The Canadian Pacific Railway was a fragile band of steel designed to bind the far-flung territories of Canada into a nation. The historic first sod on the main line was turned four miles west of Fort William on June 1, 1875 in what is now part of the City of Thunder Bay. That simple ceremony signalled the start of a herculean task beset with monumental obstacles.
None was more challenging than the route through Northwestern Ontario. The C.P.R. threw its political and corporate might against miles of the hardest rock on earth and poured fortunes into bottomless pits of muskeg. In the summer, construction crews stirred up swarms of mosquitoes and black flies hungry enough to drive men mad. Over the winter the men languished in a bitter world of black and white.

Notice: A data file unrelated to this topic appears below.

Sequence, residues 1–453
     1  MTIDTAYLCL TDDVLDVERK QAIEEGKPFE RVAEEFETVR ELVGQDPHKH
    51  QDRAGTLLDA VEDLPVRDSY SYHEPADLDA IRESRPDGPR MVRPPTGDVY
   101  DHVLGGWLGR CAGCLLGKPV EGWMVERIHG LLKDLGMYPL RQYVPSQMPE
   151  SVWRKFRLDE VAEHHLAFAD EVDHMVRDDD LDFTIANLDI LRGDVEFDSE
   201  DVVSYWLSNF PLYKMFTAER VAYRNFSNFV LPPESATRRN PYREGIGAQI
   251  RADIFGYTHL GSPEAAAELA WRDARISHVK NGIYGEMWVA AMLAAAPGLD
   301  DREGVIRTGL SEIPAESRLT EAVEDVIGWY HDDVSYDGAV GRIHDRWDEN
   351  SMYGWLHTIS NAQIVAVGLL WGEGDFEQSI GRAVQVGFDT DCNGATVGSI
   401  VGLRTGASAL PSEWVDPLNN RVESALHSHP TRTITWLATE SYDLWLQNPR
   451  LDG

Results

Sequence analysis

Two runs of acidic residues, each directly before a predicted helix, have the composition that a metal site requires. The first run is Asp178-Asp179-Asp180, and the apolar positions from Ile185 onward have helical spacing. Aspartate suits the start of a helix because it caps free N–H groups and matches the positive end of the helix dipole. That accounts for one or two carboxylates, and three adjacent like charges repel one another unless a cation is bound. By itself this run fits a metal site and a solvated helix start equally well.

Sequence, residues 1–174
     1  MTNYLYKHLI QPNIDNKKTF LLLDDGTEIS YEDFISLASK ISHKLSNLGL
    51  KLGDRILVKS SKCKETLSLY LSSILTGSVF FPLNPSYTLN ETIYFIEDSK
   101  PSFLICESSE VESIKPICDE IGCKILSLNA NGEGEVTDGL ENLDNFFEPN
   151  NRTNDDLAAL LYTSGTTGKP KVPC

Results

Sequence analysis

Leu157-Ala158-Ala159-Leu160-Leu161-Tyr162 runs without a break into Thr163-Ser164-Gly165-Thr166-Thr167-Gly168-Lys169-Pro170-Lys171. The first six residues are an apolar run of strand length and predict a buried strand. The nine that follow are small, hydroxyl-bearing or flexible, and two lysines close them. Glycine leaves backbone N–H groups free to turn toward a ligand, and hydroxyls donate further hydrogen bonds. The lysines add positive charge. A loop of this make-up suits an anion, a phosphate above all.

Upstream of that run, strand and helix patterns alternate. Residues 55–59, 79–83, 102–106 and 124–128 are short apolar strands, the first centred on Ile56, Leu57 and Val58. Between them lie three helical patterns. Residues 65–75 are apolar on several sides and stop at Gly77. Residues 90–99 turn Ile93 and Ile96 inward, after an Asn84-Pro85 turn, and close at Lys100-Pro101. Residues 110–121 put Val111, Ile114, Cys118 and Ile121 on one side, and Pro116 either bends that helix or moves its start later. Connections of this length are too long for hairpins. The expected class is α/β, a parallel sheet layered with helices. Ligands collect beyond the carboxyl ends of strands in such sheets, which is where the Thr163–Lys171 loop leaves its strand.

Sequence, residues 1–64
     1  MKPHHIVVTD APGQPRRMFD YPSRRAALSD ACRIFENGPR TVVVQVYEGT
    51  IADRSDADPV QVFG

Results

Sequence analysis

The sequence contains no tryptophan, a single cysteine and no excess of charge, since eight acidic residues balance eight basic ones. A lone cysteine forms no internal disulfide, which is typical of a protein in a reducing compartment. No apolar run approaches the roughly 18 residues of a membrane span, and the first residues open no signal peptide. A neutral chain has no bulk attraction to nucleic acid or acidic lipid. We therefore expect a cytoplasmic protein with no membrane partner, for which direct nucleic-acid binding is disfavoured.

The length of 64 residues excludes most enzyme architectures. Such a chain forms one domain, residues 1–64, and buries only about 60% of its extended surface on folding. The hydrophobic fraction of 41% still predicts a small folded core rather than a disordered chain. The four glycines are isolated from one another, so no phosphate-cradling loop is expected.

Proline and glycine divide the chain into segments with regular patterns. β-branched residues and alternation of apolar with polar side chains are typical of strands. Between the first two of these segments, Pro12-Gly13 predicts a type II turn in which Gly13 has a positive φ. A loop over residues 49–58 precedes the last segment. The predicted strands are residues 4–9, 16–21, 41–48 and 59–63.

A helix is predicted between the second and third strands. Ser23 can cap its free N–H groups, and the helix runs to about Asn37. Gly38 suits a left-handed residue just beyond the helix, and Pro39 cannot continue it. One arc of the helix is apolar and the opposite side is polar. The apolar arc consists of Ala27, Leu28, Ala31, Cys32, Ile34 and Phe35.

Construction of the Thunder Bay section was scandalized by corrupt land deals and the unfair awarding of contracts, and by a legal dispute between the company and James Conmee that was to cost the C.P.R. an enormous sum of money.
A decade after the first sod was turned, Canada’s transcontinental railway became a reality when Donald Smith drove the last spike at Craigellachie, B.C.
On June 28, 1886, the first transcontinental train steamed out of Dalhousie Square Station in Montreal. She consisted of two baggage cars, a mail car, one second-class coach, two immigrant sleepers, two first-class coaches, two sleeping cars, and a diner.
At 4 p.m. on June 30, right on schedule, the “Pacific Express” rolled into the Lakehead. As this picture illustrates, a crowd led by Mayor G.H. McDonnell, met her at the Port Arthur station. She couldn’t linger, however, and the ceremony was short. She had a schedule to keep. On July 4, the “Pacific Express” completed her first transcontinental run at Port Moody, B.C.
This exhibit recreates part of a station and platform from the great era of rail travel.
For some records relating to the Canadian Pacific Railway in Thunder Bay see our archival collections for businesses.